Regalado v. Curling, 430 N.J. Super. 342 (App. Div. 2013).  The lesson of this short opinion by Judge Sapp-Peterson, issued the day after this appeal was orally argued due to the need for speed, is that “[e]lection laws are to be liberally construed” and may be “relaxed where enforcement of the right of choice in the election process is unreasonably thwarted.”  Plaintiff had sought to compel defendant, the municipal clerk of the City of Passaic, from printing ball

Maeker v. Ross, 430 N.J. Super. 79 (App. Div. 2013).  In 2010, the Legislature amended the Statute of Frauds, N.J.S.A. 25:1-5(h), to cover ”palimony” agreements, that is, “[a] promise by one party to a non-marital personal relationship to provide support or other consideration to the other party, either during the course of such relationship or after its termination.”   As a result of that amendment, palimony contracts are now among the agreements upon which “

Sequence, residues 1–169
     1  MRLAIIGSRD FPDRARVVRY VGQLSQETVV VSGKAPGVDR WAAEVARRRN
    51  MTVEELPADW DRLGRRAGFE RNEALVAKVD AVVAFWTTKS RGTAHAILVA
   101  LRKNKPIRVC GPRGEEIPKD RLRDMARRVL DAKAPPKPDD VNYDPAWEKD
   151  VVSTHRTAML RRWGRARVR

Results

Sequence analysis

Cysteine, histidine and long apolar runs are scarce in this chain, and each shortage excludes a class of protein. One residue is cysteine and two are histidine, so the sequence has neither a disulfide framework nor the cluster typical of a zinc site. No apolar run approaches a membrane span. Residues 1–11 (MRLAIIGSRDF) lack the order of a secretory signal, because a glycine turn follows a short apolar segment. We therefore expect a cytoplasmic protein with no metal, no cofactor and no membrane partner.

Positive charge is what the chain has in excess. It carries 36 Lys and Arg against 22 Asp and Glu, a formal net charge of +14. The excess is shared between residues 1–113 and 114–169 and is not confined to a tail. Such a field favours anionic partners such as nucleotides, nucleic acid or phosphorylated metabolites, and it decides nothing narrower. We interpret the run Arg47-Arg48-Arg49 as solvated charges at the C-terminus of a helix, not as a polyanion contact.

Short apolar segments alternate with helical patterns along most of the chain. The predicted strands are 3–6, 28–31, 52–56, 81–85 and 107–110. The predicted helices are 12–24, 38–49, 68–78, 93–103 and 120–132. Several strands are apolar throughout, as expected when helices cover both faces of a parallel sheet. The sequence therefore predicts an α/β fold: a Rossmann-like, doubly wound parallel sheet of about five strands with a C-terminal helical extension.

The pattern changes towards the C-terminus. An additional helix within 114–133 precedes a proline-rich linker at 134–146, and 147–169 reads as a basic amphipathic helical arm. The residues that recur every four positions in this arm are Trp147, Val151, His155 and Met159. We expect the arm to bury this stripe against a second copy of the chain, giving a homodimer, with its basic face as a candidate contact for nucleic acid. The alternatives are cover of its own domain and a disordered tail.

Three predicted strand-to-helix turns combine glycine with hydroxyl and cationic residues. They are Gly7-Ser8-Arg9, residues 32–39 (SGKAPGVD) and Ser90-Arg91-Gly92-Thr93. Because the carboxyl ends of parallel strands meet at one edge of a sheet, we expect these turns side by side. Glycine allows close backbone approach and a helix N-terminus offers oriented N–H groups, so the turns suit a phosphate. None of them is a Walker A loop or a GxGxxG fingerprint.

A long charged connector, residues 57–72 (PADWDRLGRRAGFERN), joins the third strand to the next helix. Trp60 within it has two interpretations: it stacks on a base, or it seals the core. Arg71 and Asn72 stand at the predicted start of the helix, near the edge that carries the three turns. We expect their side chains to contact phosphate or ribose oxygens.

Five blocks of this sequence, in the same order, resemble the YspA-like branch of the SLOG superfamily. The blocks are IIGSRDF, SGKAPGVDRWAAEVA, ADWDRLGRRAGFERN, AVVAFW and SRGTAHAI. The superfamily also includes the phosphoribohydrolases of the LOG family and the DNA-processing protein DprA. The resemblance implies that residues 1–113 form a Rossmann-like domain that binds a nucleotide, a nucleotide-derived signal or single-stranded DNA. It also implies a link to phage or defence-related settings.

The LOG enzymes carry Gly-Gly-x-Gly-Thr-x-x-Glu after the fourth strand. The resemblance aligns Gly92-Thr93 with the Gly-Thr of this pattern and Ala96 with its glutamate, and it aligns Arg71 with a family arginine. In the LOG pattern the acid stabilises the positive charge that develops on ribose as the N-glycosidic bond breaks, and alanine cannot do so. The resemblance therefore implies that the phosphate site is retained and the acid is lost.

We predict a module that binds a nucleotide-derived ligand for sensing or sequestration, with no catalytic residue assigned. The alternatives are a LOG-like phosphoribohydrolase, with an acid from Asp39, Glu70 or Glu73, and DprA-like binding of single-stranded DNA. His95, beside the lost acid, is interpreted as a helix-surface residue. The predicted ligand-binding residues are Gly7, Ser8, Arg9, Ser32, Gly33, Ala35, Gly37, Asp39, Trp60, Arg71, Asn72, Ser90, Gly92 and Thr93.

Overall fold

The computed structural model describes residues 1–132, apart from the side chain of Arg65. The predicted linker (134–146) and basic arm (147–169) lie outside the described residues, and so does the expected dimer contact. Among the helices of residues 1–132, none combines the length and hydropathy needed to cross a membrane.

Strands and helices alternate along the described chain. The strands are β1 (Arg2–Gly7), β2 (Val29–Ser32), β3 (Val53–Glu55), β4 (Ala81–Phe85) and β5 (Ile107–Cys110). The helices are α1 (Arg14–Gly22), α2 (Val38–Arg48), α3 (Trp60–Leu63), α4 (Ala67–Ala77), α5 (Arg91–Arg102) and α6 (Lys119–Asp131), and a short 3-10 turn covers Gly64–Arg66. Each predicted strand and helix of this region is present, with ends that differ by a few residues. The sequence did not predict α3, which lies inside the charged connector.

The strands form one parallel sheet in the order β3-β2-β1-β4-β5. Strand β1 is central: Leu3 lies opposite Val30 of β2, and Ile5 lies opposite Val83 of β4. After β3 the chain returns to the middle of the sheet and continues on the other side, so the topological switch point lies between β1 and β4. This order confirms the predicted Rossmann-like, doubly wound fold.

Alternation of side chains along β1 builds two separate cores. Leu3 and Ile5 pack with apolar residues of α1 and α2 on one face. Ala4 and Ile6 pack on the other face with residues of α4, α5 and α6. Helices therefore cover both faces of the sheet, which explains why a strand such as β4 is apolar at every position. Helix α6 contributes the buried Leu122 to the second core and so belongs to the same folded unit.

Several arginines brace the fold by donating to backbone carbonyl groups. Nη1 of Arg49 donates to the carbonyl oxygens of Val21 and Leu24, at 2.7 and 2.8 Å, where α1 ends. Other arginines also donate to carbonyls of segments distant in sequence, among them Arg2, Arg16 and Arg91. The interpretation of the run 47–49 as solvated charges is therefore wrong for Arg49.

Kaufman v. Allstate New Jersey Ins. Co.., 2012 WL 3870323 (App. Div. Sept. 7, 2012).  As discussed here, New Jersey has more liberal rules for standing to sue than do the federal courts.  But there are some extreme cases where even those generous standing principles do not allow a plaintiff to sue.  This per curiam opinion, by